Natural Disasters

How to assess disasters: 8 Indian states adopt global standards

Separate window by 15th finance commission for carrying out Post-Disaster Needs Assessment

By Seema Prasad
Published: Friday 21 October 2022
PDNA helps get recovery and rehabilitation efforts right following a disaster.

An international framework for assessing losses and damages in the aftermath of a disaster is now being used to evaluate the financial and social cost of local disasters in eight states in India. The framework helps get recovery and reconstruction efforts right following a disaster. 

Post-Disaster Needs Assessment (PDNA) is being done simultaneously in Assam, Himachal Pradesh, Gujarat, Karnataka, Jharkhand, Maharashtra, Odisha and Meghalaya, Krishna Vatsa, member secretary of the National Disaster Management Authority (NDMA) told Down to Earth. Vatsa is the national overseer of PDNAs in the country.

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These states all experienced severe flooding in the last few months. The results of these assessments are likely to come out next month, said Vatsa. 

But this is not the first time PDNA has been conducted in India. It was first adopted during the Kerala floods of 2018 and again during the cyclone in Odisha in 2019, both unprecedented disasters.  

However, until now, the assessment was only limited to massive disasters that required international funding from the World Bank, the Asian Development Bank and the United Nations, as state capacities were compromised due to the scale of the disasters.

“We are now working towards trying to use PDNA for all assessments. In another three years, we will see that it is being used for all disasters,” Vatsa said.

What is a PDNA?

Compared with an ordinary assessment, the damage to infrastructure and how it impacts the stock of the economy at the macro-economic level is calculated first in a PDNA, said Professor Santhosh Kumar of the National Institute of Disaster Management.

This includes a calculation of the disaster’s impact on Gross Domestic Product, the balance of payment and fiscal budget,” he said. “Secondly, how this affects the flow of revenue to multiple sectors is evaluated.”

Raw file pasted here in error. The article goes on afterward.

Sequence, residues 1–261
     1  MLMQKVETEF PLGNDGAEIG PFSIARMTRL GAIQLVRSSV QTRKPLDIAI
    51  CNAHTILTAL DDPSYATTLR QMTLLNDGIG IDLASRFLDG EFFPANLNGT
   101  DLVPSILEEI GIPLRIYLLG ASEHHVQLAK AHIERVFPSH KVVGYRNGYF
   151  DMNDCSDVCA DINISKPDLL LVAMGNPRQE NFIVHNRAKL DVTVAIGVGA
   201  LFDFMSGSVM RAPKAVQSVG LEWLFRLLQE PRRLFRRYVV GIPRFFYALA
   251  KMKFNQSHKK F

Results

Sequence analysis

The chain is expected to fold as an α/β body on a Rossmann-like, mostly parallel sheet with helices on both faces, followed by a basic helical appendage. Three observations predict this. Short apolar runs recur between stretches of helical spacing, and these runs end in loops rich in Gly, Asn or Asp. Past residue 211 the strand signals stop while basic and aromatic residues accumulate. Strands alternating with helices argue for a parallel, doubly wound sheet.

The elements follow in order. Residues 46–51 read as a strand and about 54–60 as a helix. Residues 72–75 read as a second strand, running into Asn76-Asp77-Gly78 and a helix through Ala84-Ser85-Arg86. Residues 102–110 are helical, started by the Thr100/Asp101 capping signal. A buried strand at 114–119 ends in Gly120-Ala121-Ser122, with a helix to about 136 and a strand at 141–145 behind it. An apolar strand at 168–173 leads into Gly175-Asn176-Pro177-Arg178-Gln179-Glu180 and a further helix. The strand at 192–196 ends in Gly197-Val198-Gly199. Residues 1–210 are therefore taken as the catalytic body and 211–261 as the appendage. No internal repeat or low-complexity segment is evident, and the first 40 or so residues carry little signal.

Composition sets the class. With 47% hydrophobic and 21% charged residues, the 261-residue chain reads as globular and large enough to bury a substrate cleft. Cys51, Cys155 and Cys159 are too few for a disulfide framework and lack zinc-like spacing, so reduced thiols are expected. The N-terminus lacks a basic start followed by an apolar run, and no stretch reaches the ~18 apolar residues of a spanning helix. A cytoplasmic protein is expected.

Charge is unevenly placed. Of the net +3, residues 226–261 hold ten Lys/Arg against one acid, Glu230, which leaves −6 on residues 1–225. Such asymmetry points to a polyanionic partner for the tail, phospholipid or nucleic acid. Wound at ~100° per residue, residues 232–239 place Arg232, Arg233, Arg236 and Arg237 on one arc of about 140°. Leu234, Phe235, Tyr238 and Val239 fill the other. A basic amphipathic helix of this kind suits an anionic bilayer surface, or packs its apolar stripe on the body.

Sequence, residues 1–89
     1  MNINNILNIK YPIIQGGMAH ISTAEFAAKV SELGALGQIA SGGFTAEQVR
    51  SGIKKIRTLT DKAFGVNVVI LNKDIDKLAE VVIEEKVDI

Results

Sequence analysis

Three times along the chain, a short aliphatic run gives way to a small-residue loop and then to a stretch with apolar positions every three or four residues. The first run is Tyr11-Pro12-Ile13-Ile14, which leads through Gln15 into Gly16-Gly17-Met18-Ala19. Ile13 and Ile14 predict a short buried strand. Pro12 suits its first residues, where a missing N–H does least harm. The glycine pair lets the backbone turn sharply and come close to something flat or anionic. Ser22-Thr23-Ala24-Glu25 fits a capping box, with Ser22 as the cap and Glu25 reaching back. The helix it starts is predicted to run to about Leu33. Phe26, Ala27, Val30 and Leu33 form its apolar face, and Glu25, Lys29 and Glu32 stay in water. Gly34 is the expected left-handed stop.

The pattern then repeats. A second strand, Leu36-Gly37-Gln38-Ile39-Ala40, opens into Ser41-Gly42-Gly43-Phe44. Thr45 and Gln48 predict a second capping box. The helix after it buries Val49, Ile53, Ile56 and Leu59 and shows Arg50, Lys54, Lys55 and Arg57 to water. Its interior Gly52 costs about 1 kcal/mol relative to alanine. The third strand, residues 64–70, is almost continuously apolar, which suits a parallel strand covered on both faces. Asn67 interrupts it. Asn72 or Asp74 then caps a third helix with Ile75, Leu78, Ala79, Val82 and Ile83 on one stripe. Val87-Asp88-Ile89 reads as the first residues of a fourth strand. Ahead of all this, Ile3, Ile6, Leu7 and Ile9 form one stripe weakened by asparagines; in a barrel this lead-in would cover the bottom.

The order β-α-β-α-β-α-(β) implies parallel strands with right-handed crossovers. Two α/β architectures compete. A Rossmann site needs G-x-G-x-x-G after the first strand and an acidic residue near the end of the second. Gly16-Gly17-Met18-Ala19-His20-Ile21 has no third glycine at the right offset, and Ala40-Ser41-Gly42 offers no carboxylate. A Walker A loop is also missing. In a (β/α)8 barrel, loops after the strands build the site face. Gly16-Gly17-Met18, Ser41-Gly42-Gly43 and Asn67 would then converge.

For example, the number of farmers’ income affected per damaged acre of land and the livelihoods lost. Overall, a quantitative assessment is additionally done on the social and environmental impact of the disaster, Kumar told Down to Earth.

The Indian PDNA manual of 2019 says that this is not a replacement for the current Relief Memorandum used by states. PDNA adds a recovery and resilience component to disaster management.

15th Finance Commission provision

The 15th finance commission report of 2021, for the first time, made a provision for recovery and reconstruction in the national disaster management budget, which is at the core of the PDNA. 

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The states did not receive international funding to do the current ongoing PDNAs, as they are expected to take the money from the budget, Vatsa indicated.

The State Disaster Risk Management Fund bifurcated the total amount Rs 1,60,153 crore between State Disaster Relief Funds and State Disaster Mitigation Funds. The former gets 80 per cent (Rs 121,182 crore) and the latter gets (32,030 crore). 

There are three more allocations under the SDRF: Response and relief (40 per cent), recovery and reconstruction (30 per cent) and preparedness and capacity-building (10 per cent).

“We are training State Disaster Management Authority officials across the country on how to conduct PDNAs to be able to address sectoral losses accurately. We recently concluded a training session in Bengaluru,” Kumar told DTE.

State Disaster Management Authorities’ reaction to PDNAs?

PDNA is a very broad document and a wish list, said Member Secretary of Kerala State Disaster Management Authority Sekhar Lukose Kuriakose. 

“As it aims to encourage building back better, sometimes it can have too much idealism. For instance, a civil engineer may want to build bridges resilient enough for Modified Mercalli Intensity 6 level earthquakes when the region could only be prone to MMI4 earthquakes,” Kuriakose told DTE.

PDNA may not make a difference in funding as the government will only follow the norms of assistance when dispersing funds, said GD Tripathi, chief executive officer at Assam Disaster Management Department. 

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“After calculating the damage as per the norms of assistance, we are asking for Rs 4,416 crore in our memorandum. But in reality, the cost of losses and damages could be Rs 15,000 crore,” Tripathy told DTE.

Globally, of the 55 PDNAs conducted worldwide since 2008, only two droughts — one in Malawi and the other Marshall Islands in 2016 — were of slow-onset disasters. 

This is often the case because as a drought is a slow onset disaster evolving over months or even years, its effects are reduced better through mitigation and preparedness, some experts believe. 

However, PDNA makes more sense for states that are flood and cyclone prone, a senior official from the Jharkhand State Disaster Management Authority who wished to remain anonymous. 

“When it comes to drought, the agriculture department, water and irrigation department must work out strategies for mitigation. PDNA over the impact of droughts in Jharkhand is not needed from the perspective of the disaster department,” he said. 

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